Motherboard reached out to the hackers on a dark web Slack-like chatroom they set up and announced on Pastebin and DeepPaste, a dark web Pastebin copycat.The hackers offered to decrypt one file for free to prove they were legitimate. So we asked Anton Cherepanov, a researcher from cybersecurity company ESET, to send us a file encrypted with NotPetya. Cherepanov said he ran the malware on a virtual machine and sent us two files: a normal Word document containing information about Microsoft software, and the same file encrypted with NotPetya. The version of the file encrypted with NotPetya contained gibberish when opened in a word processor.
That the hackers can decrypt at least some files complicates the theory that this attack was not conducted for financial reasons."If it wasn't about the money as people claim, why come back and prove you're in possession of the key and ask money for it?" MalwareTech told Motherboard. "Crazy days I guess."To be clear, the hackers only decrypted one small file for Motherboard. The capability to decrypt a single file shows the hackers are connected to the NotPetya attack, but that does not necessarily mean they will be able to decrypt files en masse.Not all security researchers who have analyzed the malware have said file decryption was impossible. F-Secure previously said that it might be possible, but with several serious caveats: that no files were added, moved, or deleted between encryption and decryption; the malware's other components haven't managed to destroy the disk's MFT, or master file table (a database which stores information about all files on a disk); and that encryption was only performed once.Suiche told Motherboard that he thinks the hackers are just "trolling," trying to confuse researchers and journalists. Moreover, it's possible that some files could not be decrypted, and victims might not be able to provide hackers with a unique fingerprint that the ransomware creates for each victim if the MFT is encrypted, he added. The unique fingerprint is contained in a readme.txt file which the hackers requires to identify the victims.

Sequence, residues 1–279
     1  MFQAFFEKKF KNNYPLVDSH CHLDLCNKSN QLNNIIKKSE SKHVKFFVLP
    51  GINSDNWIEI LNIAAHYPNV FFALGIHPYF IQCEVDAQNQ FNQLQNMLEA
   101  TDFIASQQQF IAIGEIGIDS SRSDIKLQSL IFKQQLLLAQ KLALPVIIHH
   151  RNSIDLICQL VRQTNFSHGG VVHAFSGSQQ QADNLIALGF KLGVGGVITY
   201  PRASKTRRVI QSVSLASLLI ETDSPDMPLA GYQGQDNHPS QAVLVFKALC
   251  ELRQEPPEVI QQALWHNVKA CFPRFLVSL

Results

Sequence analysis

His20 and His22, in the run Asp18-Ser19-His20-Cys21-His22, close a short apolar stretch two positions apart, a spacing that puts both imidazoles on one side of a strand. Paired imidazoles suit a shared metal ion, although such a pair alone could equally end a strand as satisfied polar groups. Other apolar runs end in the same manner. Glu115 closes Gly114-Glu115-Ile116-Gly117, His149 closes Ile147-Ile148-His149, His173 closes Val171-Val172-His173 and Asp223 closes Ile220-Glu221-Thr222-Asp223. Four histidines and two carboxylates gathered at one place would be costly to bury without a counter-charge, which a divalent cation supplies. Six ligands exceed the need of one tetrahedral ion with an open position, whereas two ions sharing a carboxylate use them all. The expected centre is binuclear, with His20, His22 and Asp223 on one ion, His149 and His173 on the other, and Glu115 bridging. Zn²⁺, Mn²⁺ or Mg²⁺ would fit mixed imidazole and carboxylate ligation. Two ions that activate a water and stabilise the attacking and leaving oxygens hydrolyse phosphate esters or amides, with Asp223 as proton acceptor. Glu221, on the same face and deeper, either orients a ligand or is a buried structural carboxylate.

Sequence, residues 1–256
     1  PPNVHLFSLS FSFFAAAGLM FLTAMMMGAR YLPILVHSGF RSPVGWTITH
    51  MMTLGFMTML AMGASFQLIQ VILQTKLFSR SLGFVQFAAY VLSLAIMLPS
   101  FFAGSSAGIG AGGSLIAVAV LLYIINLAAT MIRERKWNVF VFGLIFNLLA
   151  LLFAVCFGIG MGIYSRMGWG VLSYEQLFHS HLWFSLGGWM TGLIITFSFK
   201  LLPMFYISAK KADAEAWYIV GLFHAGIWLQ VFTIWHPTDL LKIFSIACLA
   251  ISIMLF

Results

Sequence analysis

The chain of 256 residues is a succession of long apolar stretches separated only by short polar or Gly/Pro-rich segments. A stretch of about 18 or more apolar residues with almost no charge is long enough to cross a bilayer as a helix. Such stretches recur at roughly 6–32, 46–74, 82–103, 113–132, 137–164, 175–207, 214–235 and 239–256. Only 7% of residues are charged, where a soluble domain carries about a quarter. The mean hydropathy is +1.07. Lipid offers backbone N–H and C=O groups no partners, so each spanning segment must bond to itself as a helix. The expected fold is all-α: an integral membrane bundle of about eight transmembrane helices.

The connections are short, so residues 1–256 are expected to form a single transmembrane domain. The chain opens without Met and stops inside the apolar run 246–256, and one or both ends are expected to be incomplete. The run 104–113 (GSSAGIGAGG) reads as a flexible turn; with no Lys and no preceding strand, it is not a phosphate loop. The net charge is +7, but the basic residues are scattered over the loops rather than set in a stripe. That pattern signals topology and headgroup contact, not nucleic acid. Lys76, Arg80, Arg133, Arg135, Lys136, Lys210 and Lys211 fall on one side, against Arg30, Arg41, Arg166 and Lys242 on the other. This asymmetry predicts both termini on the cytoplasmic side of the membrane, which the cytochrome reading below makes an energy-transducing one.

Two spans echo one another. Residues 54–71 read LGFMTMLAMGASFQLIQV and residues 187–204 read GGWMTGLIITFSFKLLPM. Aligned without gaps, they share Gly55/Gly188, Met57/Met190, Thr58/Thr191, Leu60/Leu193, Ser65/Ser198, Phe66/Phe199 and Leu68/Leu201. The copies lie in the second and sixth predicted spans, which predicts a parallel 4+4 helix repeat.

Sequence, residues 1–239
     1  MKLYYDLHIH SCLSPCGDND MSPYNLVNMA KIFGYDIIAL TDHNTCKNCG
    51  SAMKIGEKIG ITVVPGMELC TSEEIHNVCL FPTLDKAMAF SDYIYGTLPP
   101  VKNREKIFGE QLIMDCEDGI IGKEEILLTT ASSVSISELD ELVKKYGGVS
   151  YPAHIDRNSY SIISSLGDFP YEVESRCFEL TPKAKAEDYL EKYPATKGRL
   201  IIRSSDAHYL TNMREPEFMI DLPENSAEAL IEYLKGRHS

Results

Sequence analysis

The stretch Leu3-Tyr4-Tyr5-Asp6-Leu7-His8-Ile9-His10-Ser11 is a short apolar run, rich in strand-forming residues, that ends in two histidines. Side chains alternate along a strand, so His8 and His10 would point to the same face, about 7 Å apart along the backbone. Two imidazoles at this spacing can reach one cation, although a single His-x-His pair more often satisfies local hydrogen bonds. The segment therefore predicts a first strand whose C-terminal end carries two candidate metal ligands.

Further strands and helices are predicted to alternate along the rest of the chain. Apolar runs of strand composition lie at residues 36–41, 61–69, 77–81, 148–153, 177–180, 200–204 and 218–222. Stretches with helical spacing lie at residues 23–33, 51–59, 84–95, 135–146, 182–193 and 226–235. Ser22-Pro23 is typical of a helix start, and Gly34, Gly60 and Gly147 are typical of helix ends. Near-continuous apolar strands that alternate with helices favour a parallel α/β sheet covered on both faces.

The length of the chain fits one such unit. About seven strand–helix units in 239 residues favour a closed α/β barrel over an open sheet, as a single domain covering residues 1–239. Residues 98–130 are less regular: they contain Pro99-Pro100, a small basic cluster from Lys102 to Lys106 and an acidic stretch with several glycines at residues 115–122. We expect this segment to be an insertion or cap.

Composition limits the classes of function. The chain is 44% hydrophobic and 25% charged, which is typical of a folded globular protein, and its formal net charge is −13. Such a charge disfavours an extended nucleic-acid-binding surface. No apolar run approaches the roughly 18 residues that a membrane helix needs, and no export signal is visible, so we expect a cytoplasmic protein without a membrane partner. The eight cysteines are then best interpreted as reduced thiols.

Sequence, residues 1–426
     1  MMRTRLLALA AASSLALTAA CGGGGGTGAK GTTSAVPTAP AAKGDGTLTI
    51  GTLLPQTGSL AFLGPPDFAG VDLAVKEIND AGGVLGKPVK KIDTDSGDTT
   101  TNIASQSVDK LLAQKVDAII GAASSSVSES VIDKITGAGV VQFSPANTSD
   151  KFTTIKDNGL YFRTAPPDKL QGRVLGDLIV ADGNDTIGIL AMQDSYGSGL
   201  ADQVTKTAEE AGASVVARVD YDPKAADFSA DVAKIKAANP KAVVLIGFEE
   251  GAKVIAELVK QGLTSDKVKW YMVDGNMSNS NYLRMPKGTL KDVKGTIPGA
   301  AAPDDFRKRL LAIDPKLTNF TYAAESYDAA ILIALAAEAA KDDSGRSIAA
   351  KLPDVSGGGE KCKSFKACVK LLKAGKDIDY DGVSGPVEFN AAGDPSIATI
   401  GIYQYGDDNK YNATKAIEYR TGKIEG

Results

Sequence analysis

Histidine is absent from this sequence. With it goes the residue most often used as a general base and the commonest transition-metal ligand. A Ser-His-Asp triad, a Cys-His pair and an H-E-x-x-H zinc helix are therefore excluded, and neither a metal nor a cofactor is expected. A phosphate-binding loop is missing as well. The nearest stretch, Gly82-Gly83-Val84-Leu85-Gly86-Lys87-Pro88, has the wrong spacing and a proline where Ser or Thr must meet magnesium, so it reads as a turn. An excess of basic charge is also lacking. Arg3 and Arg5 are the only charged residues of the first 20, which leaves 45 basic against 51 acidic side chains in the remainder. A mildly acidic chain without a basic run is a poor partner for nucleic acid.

"They have key, so must be same people."
Both Cherepanov and Suiche said that there are bugs in the ransomware that might prevent hackers from decrypting files larger than 1MB. (The file we sent the hackers was around 200KB.) Motherboard sent the hackers an additional file, but by that time the hackers had become unresponsive. Multiple other journalists noted on Twitter that the hackers did not respond to their questions."They already fucked people even if they release the private key," Suiche told Motherboard. "They already put people in a situation where they can't recover their files and data even if the private key is released."In a private conversation with Motherboard, the hackers claimed several people had shown interest in providing the full 100 bitcoins to release the key. They also said that the fee was non-negotiable."Now real offers only," the hackers wrote in the dark web chat room on Wednesday morning.By the afternoon, the hackers said they'd shut the chatroom down until the next day.Get six of our favorite Motherboard stories every day by signing up for our newsletter.
"They already fucked people even if they release the private key."